Thursday, October 3, 2013

Writing 101: The Hook

You can't fall into a Goodreads group without finding a thread that discusses books and their opening lines. The first line if the hook, and that's why so many people consider it to be so important. That first line is truly the most important of the book. you know how to sharpen your hook? 

Reeling Them In

I don't always read blurbs, and I'm not always interested in covers. When an author or an agent sends me a review request, I only really need one thing from them: the Amazon link. With this, I go straight to the book's sample...and I read the first line. If I don't like it, that's it. 

This is how a lot of readers make their decision about books. That's unfortunate for authors, because books have tens of thousands of words in them...and most of the time, you're getting judged on the first 7 you write. This creates an enormous amount of pressure to start the book off really strong. You want to be funny, touching, compelling, exciting and titillating -- simultaneously, and without creating a run-on sentence that's hard to read. That's pretty darned hard to do if you've got 7 words to work with.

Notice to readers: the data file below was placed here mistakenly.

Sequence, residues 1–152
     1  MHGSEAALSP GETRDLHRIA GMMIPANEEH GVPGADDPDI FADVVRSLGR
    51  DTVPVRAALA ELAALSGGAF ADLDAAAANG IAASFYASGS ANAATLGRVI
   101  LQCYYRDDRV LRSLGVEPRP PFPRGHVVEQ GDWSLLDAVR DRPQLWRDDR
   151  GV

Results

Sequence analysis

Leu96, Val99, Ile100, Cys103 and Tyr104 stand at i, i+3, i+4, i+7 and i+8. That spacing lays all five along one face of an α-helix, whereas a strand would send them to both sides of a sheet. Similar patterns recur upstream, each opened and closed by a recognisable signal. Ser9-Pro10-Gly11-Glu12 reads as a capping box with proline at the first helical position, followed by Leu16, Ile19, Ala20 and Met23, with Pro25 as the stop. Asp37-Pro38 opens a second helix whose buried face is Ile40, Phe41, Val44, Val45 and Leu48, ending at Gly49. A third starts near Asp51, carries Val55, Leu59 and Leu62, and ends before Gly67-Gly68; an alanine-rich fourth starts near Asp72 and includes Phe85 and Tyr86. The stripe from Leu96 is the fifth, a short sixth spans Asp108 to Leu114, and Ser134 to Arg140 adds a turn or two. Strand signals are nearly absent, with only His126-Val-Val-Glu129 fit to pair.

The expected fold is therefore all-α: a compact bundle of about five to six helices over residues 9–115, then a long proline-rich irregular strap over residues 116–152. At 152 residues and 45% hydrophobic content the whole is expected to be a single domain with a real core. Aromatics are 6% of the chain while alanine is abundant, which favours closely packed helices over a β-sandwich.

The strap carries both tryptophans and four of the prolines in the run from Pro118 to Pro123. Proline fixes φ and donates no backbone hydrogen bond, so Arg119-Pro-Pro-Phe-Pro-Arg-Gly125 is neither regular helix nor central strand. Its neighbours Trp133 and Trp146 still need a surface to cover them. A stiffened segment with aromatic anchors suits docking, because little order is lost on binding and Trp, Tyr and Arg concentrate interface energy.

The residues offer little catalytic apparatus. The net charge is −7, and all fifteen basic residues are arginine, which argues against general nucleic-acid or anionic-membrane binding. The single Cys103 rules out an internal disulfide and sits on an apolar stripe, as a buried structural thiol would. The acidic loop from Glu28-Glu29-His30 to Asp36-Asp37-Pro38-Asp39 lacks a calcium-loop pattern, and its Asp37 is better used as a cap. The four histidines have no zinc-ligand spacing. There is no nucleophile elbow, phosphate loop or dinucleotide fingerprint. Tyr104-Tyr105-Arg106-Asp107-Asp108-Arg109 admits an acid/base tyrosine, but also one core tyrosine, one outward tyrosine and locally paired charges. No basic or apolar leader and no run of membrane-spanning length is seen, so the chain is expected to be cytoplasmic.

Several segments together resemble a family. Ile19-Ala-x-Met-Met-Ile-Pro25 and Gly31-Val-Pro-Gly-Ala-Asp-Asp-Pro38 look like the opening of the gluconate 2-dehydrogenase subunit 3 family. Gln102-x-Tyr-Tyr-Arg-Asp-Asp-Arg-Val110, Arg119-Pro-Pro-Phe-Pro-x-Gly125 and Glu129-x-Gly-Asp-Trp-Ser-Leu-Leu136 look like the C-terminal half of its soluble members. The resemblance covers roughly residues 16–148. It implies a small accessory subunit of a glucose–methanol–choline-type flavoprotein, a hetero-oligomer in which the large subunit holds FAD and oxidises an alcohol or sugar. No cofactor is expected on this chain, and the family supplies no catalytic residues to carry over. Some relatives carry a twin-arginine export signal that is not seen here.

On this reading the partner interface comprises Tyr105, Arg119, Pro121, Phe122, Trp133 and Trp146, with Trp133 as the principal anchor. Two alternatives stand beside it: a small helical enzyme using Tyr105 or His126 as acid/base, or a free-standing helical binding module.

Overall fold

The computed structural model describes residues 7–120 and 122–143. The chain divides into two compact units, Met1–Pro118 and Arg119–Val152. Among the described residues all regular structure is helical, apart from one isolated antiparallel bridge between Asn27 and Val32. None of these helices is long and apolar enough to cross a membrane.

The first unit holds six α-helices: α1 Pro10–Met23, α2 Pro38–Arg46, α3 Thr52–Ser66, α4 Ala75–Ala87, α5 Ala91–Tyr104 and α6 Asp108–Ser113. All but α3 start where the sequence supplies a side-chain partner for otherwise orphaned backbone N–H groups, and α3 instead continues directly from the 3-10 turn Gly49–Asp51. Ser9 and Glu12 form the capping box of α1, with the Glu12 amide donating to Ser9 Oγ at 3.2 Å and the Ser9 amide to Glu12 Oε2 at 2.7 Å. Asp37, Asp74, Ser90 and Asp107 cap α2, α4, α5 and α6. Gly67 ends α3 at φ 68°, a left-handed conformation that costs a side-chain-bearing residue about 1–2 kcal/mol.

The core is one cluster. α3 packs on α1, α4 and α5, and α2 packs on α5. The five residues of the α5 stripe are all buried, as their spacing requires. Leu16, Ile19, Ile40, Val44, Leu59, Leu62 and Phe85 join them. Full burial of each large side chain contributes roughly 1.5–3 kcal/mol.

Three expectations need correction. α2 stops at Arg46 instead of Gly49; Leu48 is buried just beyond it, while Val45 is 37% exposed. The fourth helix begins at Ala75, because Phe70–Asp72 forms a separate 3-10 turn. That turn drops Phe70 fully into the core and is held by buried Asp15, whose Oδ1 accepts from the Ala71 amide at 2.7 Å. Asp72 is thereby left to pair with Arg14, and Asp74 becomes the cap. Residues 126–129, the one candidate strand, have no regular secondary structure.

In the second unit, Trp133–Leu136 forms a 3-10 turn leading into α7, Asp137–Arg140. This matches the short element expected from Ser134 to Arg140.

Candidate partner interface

That's why you have to forget about doing all of that. Don't worry about being funny or thought-provoking or anything in particular. Worry about hooking the reader. Write anything that might make them want to keep reading. One word, a single phrase, even a foreign language may be enough of a hook, if it's compelling enough. If I open a book and I see the word Fire! I might keep on reading to see what's on fire. That is how a hook works. 

And yes, it's perfectly okay to resort to any cheap trick you can think of in order to write a great hook. What else is a hook but a clever trick? Ever read the beginning of Gone With the Wind? Here's how it starts: "Scarlett O'Hara was not beautiful, but men seldom realized it when caught by her charm as the Tarleton twins were." This is good stuff, people. Why's she so charming? How not beautiful is she? Who are these Tarleton twins? If the first line of your novel inspires questions, you're looking at a great hook. Curiosity is the strongest motivator, and it will keep your readers engaged in your story for as long as you can maintain it. The hook makes them curious, and that's it's magic. 

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